“That conscience is ingrained in our internationalism, and is at the essence of our policies of international solidarity. It won’t change just because we establish a normal relationship with the U.S. or any other government,” the Cuban Five’s René González tells MintPress News.
HAVANA, Cuba — The December 2014 announcement that Cuba and the United States would be normalizing relations was met with both eagerness and suspicion. The diplomatic negotiations which led to the release of the remaining three members of the Cuban Five being held in the U.S. in exchange for USAID subcontractor Alan Gross and an unidentified U.S. spy, also provided the foundations upon which both countries agreed to embark on a new series of diplomatic discussions.
Following a State Department review in April 2015, Cuba was removed from the State Sponsor of Terrorism list — a scheme concocted by the U.S. against Cuba due to the island’s support for revolutionary resistance in South America and Africa. Iran, Sudan and Syria remain on the list.
In August 2015 the U.S. opened an embassy in Havana, ending the historical diplomatic rupture which escalated to U.S. covert and overt actions against Cuba, including over 630 attempts to assassinate former Cuban leader Fidel Castro. In his address at the flag raising ceremony at the embassy, Secretary of State John Kerry alluded to the perpetual rhetoric of “democratic transition” in Cuba. Noting that “Cuba’s future is for Cubans to shake,” he continued:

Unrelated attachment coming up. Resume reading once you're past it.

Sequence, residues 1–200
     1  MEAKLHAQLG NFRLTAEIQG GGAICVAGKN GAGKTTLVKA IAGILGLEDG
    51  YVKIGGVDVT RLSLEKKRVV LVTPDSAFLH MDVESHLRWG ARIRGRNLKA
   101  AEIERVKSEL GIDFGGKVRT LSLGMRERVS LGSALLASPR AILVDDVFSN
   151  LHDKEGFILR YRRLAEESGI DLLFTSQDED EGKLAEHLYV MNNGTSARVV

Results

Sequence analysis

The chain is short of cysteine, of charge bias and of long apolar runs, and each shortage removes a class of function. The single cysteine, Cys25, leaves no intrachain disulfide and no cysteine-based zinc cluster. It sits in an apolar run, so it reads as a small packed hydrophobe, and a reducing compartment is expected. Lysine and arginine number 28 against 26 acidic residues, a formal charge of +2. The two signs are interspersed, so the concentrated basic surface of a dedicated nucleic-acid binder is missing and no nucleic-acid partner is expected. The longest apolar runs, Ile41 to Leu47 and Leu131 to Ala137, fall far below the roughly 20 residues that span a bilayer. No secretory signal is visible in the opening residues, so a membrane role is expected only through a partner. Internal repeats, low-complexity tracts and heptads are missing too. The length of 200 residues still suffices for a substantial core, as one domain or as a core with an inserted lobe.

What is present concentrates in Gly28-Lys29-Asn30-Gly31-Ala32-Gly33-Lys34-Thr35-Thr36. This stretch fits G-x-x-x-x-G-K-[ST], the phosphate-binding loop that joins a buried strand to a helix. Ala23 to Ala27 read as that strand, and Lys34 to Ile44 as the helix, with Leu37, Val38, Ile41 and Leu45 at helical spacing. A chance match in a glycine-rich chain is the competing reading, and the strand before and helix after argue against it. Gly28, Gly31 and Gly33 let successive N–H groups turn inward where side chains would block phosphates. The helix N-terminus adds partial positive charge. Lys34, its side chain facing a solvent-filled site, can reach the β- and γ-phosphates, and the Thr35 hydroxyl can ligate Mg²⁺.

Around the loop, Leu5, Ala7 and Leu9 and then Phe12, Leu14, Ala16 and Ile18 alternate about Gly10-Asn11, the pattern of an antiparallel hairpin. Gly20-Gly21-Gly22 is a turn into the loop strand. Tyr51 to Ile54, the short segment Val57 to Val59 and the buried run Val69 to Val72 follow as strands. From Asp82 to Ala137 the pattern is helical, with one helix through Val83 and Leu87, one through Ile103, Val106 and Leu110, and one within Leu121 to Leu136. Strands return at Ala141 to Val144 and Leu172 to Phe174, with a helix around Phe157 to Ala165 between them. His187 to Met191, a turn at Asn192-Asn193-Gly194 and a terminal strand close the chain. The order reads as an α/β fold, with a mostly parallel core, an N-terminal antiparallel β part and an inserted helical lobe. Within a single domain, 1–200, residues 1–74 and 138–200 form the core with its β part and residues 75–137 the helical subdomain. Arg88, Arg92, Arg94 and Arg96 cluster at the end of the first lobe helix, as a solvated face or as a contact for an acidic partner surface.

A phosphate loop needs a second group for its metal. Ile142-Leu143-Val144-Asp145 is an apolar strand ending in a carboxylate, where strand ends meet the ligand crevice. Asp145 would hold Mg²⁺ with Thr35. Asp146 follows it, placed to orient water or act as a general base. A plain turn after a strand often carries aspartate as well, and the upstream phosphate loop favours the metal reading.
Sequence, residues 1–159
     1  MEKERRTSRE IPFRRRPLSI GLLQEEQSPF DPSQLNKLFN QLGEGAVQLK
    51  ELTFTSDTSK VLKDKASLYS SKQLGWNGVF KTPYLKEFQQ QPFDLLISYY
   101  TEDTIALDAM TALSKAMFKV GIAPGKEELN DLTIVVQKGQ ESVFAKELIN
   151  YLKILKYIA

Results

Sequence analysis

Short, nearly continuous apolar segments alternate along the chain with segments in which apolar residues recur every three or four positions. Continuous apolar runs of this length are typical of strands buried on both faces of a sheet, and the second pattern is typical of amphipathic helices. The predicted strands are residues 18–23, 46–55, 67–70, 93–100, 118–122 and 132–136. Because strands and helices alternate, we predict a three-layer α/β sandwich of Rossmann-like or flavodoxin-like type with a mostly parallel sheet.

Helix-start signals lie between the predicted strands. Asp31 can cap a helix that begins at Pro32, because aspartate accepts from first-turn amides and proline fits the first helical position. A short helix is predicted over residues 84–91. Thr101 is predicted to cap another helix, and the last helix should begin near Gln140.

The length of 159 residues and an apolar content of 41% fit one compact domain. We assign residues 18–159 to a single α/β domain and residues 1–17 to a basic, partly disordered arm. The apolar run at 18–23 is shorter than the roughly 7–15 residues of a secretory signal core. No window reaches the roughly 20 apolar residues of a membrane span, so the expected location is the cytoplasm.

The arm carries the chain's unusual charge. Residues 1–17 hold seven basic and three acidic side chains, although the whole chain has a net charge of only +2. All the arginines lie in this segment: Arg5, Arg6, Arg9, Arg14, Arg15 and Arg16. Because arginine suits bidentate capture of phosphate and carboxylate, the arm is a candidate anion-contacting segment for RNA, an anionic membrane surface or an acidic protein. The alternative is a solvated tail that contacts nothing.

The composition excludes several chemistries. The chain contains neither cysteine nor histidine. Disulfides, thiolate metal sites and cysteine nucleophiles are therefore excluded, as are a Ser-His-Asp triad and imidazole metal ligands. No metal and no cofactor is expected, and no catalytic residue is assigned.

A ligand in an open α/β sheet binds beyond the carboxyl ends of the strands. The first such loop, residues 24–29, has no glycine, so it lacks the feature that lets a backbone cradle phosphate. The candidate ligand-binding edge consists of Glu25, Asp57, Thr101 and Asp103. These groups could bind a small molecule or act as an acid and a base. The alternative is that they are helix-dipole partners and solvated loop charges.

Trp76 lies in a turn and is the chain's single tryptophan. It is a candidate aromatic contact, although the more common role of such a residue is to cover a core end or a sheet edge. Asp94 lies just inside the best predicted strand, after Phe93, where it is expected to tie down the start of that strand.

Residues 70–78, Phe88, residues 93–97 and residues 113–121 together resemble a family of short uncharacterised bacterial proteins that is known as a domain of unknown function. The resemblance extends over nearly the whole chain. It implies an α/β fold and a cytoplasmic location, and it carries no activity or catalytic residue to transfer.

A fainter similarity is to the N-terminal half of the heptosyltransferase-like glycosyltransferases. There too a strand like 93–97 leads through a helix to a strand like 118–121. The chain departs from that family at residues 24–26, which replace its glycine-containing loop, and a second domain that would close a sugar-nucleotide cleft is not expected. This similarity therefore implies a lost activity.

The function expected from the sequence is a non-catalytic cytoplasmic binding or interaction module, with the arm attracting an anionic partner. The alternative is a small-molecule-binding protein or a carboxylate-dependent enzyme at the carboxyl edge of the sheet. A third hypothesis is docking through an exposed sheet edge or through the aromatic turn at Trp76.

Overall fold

“But the leaders in Havana – and the Cuban people – should also know that the United States will always remain a champion of democratic principles and reforms. Like many other governments in and outside this hemisphere, we will continue to urge the Cuban Government to fulfill its obligations under the UN and inter-American human rights covenants – obligations shared by the United States and every other country in the Americas.”